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Old Grudges Die Hard (Literally)
Thin line between pranks and bullying
I'm pretty sure everyone has done it before, well at least I have. I've had my share of moments when I was younger and decided to pull off pranks on others back in my grade school days. I've even turned the tables on some kids who thought they could bully me back in high school because I was considered a geek. I was smart but could defend myself and they took my smartness and tried to take advantage of it. It didn't quite end in either of our favors because they didn't pass their grades and I missed many days of school due to fighting.
Pranks and bullying have a way to catching up to people. Just because one person thinks something is a joke doesn't mean the victim will feel the same way. It's something about being the center of attention during an embarrassing moment that can lead someone to commit murder. This is exactly what happened with Carl Ericsson of Watertown.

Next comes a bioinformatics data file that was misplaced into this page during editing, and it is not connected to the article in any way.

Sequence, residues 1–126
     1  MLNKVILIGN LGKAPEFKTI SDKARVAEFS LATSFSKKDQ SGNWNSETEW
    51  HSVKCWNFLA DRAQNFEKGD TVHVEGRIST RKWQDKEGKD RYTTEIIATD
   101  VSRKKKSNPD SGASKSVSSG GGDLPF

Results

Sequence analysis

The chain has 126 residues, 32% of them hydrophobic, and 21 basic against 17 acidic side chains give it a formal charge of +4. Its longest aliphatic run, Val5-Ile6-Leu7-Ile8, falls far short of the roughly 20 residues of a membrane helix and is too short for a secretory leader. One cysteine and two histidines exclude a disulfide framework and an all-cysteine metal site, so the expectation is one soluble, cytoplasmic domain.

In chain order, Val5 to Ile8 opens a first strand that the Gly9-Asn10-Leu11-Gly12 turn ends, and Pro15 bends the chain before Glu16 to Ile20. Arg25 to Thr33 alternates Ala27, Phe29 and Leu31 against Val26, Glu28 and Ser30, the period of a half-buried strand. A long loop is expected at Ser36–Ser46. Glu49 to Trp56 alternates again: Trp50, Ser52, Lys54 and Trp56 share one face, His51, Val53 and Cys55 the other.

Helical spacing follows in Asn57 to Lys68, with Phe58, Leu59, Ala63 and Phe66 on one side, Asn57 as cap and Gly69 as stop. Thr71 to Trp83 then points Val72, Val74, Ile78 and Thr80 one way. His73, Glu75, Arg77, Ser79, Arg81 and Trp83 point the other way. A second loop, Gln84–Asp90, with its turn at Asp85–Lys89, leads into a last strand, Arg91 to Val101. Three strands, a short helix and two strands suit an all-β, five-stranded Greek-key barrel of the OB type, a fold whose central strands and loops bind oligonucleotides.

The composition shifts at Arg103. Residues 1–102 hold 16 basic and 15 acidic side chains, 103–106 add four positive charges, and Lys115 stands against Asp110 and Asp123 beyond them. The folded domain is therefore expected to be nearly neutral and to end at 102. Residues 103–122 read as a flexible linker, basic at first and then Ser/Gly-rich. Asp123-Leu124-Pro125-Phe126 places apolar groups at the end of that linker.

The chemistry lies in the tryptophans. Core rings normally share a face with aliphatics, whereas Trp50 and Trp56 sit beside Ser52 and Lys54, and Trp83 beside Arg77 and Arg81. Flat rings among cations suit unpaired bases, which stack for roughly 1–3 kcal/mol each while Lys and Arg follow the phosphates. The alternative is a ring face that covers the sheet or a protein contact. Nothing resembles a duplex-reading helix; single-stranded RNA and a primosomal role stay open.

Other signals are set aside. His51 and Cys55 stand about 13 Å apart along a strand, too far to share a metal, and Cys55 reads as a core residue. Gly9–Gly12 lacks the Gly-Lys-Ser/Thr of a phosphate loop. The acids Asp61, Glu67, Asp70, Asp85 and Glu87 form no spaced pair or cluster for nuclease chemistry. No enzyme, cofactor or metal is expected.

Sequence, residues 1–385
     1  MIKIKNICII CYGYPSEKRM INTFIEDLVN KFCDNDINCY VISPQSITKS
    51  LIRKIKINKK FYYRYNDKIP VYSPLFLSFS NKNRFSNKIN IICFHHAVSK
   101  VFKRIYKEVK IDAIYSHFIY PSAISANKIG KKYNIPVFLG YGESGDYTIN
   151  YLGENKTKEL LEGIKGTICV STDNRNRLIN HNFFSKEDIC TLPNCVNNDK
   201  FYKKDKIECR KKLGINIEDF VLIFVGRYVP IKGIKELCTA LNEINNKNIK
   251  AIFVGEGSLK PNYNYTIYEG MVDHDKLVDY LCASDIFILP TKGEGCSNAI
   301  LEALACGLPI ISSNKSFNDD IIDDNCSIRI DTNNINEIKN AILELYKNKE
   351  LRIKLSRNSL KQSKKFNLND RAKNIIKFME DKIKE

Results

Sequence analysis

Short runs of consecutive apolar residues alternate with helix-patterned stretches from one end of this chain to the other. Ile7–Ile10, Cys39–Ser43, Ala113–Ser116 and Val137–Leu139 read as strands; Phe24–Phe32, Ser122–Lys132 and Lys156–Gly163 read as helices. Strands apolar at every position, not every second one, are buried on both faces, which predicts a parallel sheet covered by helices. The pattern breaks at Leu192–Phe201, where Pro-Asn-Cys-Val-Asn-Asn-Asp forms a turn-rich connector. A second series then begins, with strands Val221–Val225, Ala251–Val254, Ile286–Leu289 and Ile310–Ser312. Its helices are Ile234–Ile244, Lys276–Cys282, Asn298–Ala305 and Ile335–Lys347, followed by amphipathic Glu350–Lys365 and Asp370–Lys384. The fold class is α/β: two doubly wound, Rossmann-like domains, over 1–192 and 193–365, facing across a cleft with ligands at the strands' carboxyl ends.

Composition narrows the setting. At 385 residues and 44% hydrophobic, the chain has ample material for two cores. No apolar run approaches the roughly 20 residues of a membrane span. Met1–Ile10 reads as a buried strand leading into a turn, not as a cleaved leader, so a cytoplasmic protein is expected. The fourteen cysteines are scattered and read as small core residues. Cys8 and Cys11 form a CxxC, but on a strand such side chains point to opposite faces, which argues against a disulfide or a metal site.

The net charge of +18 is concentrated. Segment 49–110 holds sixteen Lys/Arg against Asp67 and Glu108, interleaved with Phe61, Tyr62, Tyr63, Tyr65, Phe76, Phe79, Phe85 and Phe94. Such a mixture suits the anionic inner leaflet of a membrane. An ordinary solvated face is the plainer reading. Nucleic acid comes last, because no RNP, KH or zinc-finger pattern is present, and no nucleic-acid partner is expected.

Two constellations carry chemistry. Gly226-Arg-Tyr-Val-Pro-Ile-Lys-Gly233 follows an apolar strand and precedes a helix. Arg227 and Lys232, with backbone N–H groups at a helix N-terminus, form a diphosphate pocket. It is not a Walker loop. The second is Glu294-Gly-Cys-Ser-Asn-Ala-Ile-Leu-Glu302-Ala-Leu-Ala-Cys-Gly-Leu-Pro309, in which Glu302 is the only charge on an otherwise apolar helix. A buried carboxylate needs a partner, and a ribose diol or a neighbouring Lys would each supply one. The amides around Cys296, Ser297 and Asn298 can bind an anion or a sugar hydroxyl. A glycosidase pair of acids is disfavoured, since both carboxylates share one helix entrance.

Jockstrap pulled overhead leads to murder 50+ years later
73 year old Carl Ericsson had a grudge with a long ago classmate for pulling a jockstrap over his head back in high school, which he held onto for more than 50 years. He tracked down that classmate and rang the doorbell. When the man answered the door, Carl wanted the man to verify that he was that person. When he confirmed his identity, Carl Ericsson shot the man twice in the face with a .45 caliber handgun, taking his life.
The strange thing about this murder is the fact that the defendant and victim haven't spoken to each other in years. This humiliation happened back in the 1950s in a high school locker room. Carl Ericsson was originally charged with first degree murder in the shooting death of his old classmate Norman Johnson, who was a track star at Madison High School. During that time, Carl was a student sports manager. He pleaded guilty to second degree murder but mentally ill.
Carl has a long history of mental illnesses like anxiety and depression that, according to psychiatrist, was treatment resistant. The psychiatrist said Ericsson was extremely depressed and suicidal when they first met, stating " I wish each night I wouldn't wake up in the morning." Others, like the victims daughter, believe the slaying was jealousy because the victim was well liked by many people in the community. More than 600 people attended Norman Johnson's funeral.